Texan99 said...

The analogy I sometimes try to draw is, under what conditions would we be justified in killing and separating one conjoined twin in order to save the life of the other? I can think of only two situations that would leave the survivors able to live with themselves, if only barely: one twin knows he is dying and commits suicide to save the other, or one twin is dying and in a vegetative state, unable to make decisions.

There are things other people can sacrifice for us that we can never simply demand of them by force.

I won't claim this analysis helps in the case of a very early pregnancy, because we all disagree too much about the full humanity of a just-fertilized egg or an extremely unformed fetus. But it seems to me that it's quite close to being on the mark for a nearly full-term baby.

I have a friend whose mother carried her to full term after receiving a diagnosis of ovarian cancer, knowing she'd have to risk delaying treatment and willingly doing so. Before she'd even met her daughter she was willing to die for her. That's a mother.

Grim said...


So I didn't go into the "Doctrine of Double Effect" (DDE) because I thought, after all the Just War Theory posts over the years, you would all be tired of hearing me talk about it. But maybe it's worth going through one more time.

There are two separate tests that have to be met for DDE to justify a harm. The first one is discrimination, and the second is proportionality. Proportionality doesn't come into play if the child's death saves the mother's life, but it might if the child is being killed for a lesser reason (e.g., to make the mother's abusive boyfriend happy).

Discrimination is going to be the real problem. An act is discriminate under DDE if and only if the evil being done is neither the end of the action nor the means to the end. The test for that is: if I do the act, and the harm is by miracle avoided, will I be happy with the outcome?

For example: I bomb a military target that has been perfidiously located in a hospital, and by miracle no innocents are killed while the military target is destroyed. Since I will be happy with this outcome, we can see that destroying the hospital and killing its patients was neither my end nor my means to my end.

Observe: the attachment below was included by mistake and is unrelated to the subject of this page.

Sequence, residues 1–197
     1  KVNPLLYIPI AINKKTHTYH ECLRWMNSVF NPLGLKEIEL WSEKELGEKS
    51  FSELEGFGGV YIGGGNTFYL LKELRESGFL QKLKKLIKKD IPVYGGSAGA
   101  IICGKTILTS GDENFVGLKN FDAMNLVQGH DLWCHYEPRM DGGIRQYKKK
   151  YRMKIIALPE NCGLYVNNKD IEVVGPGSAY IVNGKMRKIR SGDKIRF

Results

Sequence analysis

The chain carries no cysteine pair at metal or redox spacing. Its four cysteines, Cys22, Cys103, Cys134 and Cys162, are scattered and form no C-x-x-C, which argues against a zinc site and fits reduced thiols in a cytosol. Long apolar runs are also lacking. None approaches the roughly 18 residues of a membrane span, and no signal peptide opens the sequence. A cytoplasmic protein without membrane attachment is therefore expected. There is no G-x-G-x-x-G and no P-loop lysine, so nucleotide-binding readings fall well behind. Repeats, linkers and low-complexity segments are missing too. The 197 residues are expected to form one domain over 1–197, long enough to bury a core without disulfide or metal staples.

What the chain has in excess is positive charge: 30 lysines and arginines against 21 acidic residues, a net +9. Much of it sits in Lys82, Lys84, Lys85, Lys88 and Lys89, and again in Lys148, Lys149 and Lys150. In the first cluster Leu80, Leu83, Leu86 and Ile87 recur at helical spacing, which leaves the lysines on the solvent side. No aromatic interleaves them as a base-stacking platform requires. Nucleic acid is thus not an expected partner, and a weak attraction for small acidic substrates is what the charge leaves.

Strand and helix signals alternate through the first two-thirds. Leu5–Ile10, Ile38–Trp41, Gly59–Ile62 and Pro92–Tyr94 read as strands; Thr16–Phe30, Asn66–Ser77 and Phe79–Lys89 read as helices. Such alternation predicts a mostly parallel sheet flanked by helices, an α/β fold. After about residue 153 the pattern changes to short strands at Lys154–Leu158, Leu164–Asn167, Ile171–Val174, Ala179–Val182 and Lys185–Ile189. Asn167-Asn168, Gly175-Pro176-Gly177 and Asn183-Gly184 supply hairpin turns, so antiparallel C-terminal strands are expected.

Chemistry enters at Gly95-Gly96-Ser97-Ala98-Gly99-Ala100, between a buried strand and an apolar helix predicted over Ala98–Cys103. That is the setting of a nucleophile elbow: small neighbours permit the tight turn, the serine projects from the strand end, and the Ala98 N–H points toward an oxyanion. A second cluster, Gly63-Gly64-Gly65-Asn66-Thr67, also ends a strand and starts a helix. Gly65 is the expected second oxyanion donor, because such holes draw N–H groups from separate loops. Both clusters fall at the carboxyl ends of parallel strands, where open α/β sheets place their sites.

There are a number of these cases in which killing the child is at minimum the means to the end. There may be some cases in which killing the child is the end (in fact, the rape/incest cases -- which are often thought more defensible -- are sometimes of this type). Even if it is merely the means to the end, though, so the mother could not be satisfied with the result if the child survived and was adopted, the act cannot satisfy DDE.

The VA governor's cases, in which the child is already delivered before being killed, fails on proportionality. Once the child is delivered, there is nothing to put on the other side of the scale. The mother, delivered of the child, no longer needs to take any action against the child's body to protect herself. The case may also fail on discrimination, and indeed is likely to do so: if the child is being killed to avoid its being a burden as its survival would entail, for example.

Texan99 said...

The severely disabled child is an obstacle to the mother's wellbeing even after it is safely delivered, because the crux of the problem for her is the horrendous burden of raising a disabled child. She would have been happier if it had simply died naturally, as unobtrusively as possible. We can all sympathize very, very deeply with the staggering burden she was facing, but this is what we're talking about doing to solve it: it's straight-up euthanasia.

Texan99 said...

And, to be more charitable, the parents may genuinely believe it's cruel to let a child in that condition live, which is the other argument for euthanasia.

douglas said...

Thanks. I was thinking about this at work today, and I realized that the issue with the D&C is that there is zero chance of survivability, whereas even in emptying your Glock into a man, there is some chance he could survive.

Now, clearly, the Governor's example is indefensible, but let me go back to the ectopic pregnancy, which seems to be the classic example given to illustrate DDE and justified termination of pregnancy. Apparently, there is disagreement amongst ethicists about some methods of resolving an ectopic pregnancy, but not others (salpingectomy). Reading the arguments, I can see why- it's fuzzy. This paper from the National Catholic Bioethics Center is quite good, but is ultimately inconclusive- apparently so is the Magisterium. So it seems, it's between you and God ultimately.

I have to say that some of the arguments for not accepting certain methods seem to me to be overly restrictive, so I think I'd find myself lining up with the ethicists that see some methods as allowable (and not only salpingectomy, but at least salpingotomy as well). the distinctions being made don't, to me, seem to be materially different, but rather more of a semantic distinction that ignores the reality.

One thing is for sure- it's a difficult issue, but those cases where it's even a possibility are also quite rare.

Ymarsakar said...

(Catholics, of course, are taught that it is never right to do an evil action, even to prevent another evil.

That argument falls apart once people ask Catholics what their catechism on the Albigensians and Church Tradition says.

The opinion of apparently the mainstream is quite logical... for a jihadist at least.